College tutors are in the relationships business

16th March 2018 at 00:00
Developing a ‘moral contract’ with his GCSE maths resit students that boosted results convinced Graham Razey such bonds are of paramount importance

For many years as a lecturer in further education – and then in senior leadership at a range of colleges – I’ve found one thing solves most problems: building relationships.

I’ve placed partnerships at the core of a huge amount of what I’ve done and rarely seen them fail to deliver a positive outcome. In fact, in many ways, growing the links between me – and my organisations – and others has been my primary strategy. And it works.

A recent government research report backs this view, with its authors expounding the virtues of a collaborative approach to leadership. That means building relationships with staff, students, and the wider communities – including, of course, business – which we seek to serve. But the report also states that style of leadership needs to be mixed with a more “top-down” approach as well. The good leaders – and that includes those who lead students and teach them – are also able to take command and make decisions.

So what’s all this got to do with pedagogy? Well, let me front-load my next statement with the caveat that this could be viewed as controversial by many within teaching. I’d like to promote the idea that the relationship between the tutor and the student can be a greater determinant of success than the teaching which is delivered.

I appreciate the gravity of that statement, but let me explain. One of my first roles in further education was teaching maths and sports in a college. At the time, I would work with groups that included both students who were retaking their maths GCSE alongside a main qualification in sports – and also those who were retaking their maths GCSE alongside another subject as their main qualification.

With a larger amount of time spent with those learners also taking sports, I was able to grow my relationships with them as students, building my ability to develop a stronger collaborative approach. We developed closer bonds. As a consequence, they placed greater trust in me as their teacher. This applied to the work we did together in both their main qualification, and in their maths programme.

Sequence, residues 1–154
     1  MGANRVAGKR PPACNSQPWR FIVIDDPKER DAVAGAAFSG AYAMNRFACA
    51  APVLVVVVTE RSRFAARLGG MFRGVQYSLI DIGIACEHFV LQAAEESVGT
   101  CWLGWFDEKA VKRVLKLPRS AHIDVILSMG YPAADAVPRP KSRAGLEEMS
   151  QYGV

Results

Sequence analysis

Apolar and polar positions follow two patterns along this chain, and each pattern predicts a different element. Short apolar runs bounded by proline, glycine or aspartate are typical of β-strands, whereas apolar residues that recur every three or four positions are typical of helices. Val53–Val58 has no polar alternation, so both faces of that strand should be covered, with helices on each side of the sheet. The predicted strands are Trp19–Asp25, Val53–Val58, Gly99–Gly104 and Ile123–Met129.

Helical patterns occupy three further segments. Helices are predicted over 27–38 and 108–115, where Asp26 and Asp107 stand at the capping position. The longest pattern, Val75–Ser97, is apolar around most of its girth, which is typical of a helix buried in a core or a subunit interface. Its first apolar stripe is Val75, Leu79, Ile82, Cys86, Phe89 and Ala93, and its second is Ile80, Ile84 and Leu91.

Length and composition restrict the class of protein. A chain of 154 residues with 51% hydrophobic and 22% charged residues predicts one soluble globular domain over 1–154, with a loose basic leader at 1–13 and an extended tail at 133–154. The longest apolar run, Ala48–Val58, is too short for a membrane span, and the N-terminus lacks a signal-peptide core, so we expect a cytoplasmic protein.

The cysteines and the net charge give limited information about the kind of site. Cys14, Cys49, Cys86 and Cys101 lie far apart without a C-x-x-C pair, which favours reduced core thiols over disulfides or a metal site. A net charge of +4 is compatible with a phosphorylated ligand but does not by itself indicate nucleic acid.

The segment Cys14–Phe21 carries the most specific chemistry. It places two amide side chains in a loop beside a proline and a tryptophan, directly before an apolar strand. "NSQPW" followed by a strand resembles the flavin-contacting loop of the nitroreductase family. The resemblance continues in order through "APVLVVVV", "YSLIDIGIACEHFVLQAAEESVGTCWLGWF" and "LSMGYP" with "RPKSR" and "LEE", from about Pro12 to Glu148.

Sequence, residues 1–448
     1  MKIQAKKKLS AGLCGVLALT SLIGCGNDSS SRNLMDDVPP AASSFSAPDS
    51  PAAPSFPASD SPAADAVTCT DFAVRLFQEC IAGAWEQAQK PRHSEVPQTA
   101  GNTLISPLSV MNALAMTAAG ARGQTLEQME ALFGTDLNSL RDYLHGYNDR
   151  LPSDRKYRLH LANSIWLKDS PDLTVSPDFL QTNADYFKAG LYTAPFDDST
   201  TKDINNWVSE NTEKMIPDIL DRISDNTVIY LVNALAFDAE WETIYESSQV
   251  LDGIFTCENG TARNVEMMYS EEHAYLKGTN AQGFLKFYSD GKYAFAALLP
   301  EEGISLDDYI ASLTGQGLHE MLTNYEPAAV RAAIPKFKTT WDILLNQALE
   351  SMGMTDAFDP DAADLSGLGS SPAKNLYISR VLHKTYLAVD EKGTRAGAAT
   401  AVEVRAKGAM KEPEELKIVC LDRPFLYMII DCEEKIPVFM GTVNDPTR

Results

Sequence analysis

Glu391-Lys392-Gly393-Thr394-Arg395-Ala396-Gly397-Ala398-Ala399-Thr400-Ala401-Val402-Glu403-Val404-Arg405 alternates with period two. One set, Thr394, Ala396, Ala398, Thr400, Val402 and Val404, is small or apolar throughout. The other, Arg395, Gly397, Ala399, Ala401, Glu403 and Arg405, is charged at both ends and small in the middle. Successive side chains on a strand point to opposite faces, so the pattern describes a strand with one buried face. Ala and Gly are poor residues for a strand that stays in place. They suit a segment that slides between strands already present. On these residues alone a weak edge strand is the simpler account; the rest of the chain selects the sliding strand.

The trust that developed gave me the opportunity to build those students’ motivation – and also to tell them, when the need arose, that they just needed to get on with it and learn. They knew that if I was telling them that they had to grin and bear it and work harder, it was because they needed to. That “top-down” delivery was made easier because of the imperative they had to deliver for me because of the bond which had developed.

Moral contracts

That partnership we built also gave them the required motivation to get tasks such as homework done, further developing their learning and building their confidence. And it was a two-way street. The trust was built because they knew I would deliver on my end of the deal: giving them the tools and knowledge that they needed to succeed and ensuring they had the best possible support.

Growing these relationships with those students taking maths was critical to our combined success.

The fact they were likely to be highly disengaged after their prior failure to achieve the required C grade at GCSE meant that developing a strong partnership approach to their learning was of even greater importance.

Rather than simply delivering the prevailing pedagogical perspective of relating every aspect of maths to a “real world” scenario – which, in my view doesn’t work in many cases – I built a moral contract between my students and me.

It was this moral contract that created the imperative for those students to drive their own agenda and get the work done. And led to the pass rates for GCSE maths of those students taking their main qualification with me to be 20 per cent higher than those who were just studying GCSE Maths with me, who I did not have a strong enough bond with.

I recognise this contrarian pedagogical concept may fly in the face of received wisdom, but the reality is it delivered great results during several years for those students I taught.

While I accept it is very unlikely I could have achieved these results with GCSE English, I think the approach is worthy of further exploration both in the search for better outcomes in GCSE English and maths resits – and also in leadership.

Graham Razey is group principal and chief executive at East Kent College Group


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